We have written before on our observation that nearly every Ponzi scheme seems to involve an attorney at one level or another. Following a three week trial, a California federal jury recently found the Silicon Valley Law Group was not liable for legal malpractice due to its involvement in negotiating the sale of a real estate investment firm to Ponzi Schemer Edward Okun. Okun, who is currently serving 100 years in jail as the result of his $126 million Ponzi scheme, purchased 1031 Advance, the real estate investment firm, and the Silicon Valley Law Group represented 1031 Advance in the purchase. Okun gutted the company, and after it entered bankruptcy, the trustee sued the Silicon Valley Law Group. The law suit asserted if due diligence was properly performed, then Silicon Valley Law Group would have discovered Okun was a thief.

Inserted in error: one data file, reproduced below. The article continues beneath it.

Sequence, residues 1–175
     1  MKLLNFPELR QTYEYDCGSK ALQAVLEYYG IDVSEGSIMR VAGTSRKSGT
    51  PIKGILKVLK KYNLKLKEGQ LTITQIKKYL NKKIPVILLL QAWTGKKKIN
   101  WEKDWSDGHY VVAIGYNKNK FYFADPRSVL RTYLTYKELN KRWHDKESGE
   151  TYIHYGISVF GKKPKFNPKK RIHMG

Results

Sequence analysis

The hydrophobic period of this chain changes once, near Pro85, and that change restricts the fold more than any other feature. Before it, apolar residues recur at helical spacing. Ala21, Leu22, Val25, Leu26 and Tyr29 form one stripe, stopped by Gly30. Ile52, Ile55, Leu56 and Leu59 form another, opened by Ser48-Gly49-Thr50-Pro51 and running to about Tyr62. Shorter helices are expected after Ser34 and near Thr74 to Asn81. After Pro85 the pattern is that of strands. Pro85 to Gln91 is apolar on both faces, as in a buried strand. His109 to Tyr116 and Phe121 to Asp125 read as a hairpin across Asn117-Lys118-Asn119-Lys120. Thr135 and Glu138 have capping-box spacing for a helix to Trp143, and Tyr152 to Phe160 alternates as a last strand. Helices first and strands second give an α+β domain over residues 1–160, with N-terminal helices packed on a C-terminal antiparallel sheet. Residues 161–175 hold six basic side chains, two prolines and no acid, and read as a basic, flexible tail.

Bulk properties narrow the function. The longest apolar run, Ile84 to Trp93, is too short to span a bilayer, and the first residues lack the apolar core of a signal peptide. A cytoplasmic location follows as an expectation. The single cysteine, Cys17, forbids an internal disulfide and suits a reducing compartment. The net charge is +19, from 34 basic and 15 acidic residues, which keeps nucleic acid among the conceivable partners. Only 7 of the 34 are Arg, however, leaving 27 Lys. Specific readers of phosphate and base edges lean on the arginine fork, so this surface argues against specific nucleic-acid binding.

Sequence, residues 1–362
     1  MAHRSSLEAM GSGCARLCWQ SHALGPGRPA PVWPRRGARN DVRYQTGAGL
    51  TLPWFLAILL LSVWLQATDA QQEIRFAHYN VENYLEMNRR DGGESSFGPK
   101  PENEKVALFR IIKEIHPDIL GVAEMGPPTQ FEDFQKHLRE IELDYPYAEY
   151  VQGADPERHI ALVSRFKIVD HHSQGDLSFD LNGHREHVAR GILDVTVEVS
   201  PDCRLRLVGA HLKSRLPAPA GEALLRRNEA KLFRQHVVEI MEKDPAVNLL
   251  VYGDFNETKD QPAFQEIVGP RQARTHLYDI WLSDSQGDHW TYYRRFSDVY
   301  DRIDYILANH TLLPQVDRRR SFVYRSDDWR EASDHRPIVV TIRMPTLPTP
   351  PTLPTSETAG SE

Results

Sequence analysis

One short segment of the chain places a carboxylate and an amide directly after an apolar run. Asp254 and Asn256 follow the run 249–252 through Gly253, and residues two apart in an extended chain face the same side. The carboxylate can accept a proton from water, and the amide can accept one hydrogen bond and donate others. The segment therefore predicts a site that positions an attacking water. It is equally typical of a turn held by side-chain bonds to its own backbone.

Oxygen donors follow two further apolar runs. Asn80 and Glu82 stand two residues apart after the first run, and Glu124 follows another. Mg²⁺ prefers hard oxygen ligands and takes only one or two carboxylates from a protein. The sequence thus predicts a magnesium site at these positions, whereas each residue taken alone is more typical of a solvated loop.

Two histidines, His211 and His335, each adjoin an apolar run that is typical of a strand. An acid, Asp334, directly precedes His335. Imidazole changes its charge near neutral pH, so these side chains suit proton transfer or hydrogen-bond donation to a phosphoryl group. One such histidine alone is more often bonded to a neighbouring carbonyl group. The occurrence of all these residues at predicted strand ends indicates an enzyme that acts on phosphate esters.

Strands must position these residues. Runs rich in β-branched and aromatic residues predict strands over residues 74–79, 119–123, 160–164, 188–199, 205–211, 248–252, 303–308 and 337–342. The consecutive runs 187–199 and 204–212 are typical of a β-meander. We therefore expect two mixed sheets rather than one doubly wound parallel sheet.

As always, after a Ponzi scheme, those who suffered losses will seek to recover their losses. With justification or not, attorneys are frequently the target of these recovery attempts. Legal malpractice avoidance requires attorneys keep a careful eye out for the specter of Charles Ponzi. This, of course, is difficult as swindlers do not become successful unless they have the ability to convince people they are not swindlers.